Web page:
Q: So now, back to my earlier question…

Right. If you determine that someone worked at least 30 hours/week or 130 hours per month during the SMP, then you have to treat him as full-time for the stability period. The stability period for these full-timers must be at least 6 months and cannot be shorter than the SMP.

Q: What if it’s Harry?

Assuming Harry (or anyone else) doesn’t work at least 30 hours/week or 130 hours per month during the SMP, then you are not required to offer him coverage for the following stability period. In this case, the stability period cannot be longer than the SMP.

Q: Do I have to figure this all out in one day and turn around and make an offer of coverage and somehow do all my enrollment and get the information to my carrier or TPA and start offering coverage IMMEDIATELY?!?!?

Calm down. You can have an administrative period of up to 90 days to count the hours and make the offer of coverage. The administrative period begins at the end of the SMP and ends at the beginning of the stability period.

Q: Can you give me an example?

Say you have a calendar year plan, you might want to have an SMP for ongoing employees that starts on October 15 of one year and ends on October 14 of the following year. Then you would have from October 15 through December 31 as your administrative period. And your stability period could be the calendar year.

Q: What if a full-time employee comes to me during the stability period and asks to have his/her hours cut?

You still have to treat the employee as full-time for the rest of the stability period.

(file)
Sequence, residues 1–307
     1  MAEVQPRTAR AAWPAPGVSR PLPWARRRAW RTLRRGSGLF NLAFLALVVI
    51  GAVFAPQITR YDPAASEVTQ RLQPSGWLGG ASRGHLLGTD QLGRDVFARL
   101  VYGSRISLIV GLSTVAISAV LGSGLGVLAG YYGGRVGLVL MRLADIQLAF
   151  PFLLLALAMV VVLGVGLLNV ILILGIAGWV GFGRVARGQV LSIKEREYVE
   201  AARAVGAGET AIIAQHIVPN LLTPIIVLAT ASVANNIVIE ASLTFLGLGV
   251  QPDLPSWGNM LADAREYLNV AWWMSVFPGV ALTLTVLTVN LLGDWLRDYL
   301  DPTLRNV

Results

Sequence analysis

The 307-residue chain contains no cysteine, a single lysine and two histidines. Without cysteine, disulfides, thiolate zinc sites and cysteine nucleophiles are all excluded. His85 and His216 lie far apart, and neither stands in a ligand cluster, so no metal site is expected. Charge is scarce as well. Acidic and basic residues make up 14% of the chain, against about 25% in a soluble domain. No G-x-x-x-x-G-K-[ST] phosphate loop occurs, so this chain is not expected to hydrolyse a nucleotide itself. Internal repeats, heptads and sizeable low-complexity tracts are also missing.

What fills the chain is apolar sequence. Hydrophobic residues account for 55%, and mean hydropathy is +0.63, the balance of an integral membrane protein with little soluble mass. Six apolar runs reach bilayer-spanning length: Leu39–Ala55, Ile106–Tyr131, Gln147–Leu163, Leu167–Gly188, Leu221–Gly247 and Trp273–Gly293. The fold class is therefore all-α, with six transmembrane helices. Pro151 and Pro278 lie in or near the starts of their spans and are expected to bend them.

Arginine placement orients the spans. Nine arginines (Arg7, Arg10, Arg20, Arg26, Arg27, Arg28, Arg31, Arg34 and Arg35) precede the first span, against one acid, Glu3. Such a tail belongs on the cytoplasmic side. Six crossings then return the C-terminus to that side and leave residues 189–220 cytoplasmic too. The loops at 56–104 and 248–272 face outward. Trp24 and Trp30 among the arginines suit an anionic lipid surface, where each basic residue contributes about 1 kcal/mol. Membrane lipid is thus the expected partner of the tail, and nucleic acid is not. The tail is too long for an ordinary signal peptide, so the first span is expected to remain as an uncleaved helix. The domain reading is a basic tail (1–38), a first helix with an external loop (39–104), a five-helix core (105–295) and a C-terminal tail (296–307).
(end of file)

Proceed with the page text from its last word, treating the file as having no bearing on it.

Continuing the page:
Q: And if Harry decides to get off his tukus and actually do full-time work for a change?

You can treat Harry as not full-time for the remainder of that stability period. (The same rule applies regardless of whether the employee is not full-time due to sloth or any other reason.)

Q: What if I have payroll periods that don’t perfectly line up with a month or year?

If you pick an SMP, like 12 months, and you have weekly, every-other-week, or semi-monthly payroll periods, you can start at the beginning of one payroll period instead of a specific date. To do this, either the first payroll period needs to include the beginning date of your SMP or the last payroll period needs to include the ending date of your SMP, but not both.

Q: OH MY GOSH! I have a calendar year plan and I want to use a 12-month SMP, but it’s too late! This stuff is effective January 1, 2014! What do I do?

Calm down! It’s not too late. For this year only, the IRS is allowing a one-time shorter SMP for those employers wanting to use a 12-month SMP. The transitional SMP must not be shorter than six months, has to start by July 1, 2013, and has to end no more than 90 days before the first day of the 2014 plan year. So for example, if you have a calendar year plan, you could start counting April 15, go through October 14, for your transitional SMP, and then have an administrative period through December 31.

Q: What about new hires? And counting hours? And fiscal year plans? I have so many questions!

We’ll cover those in a future post.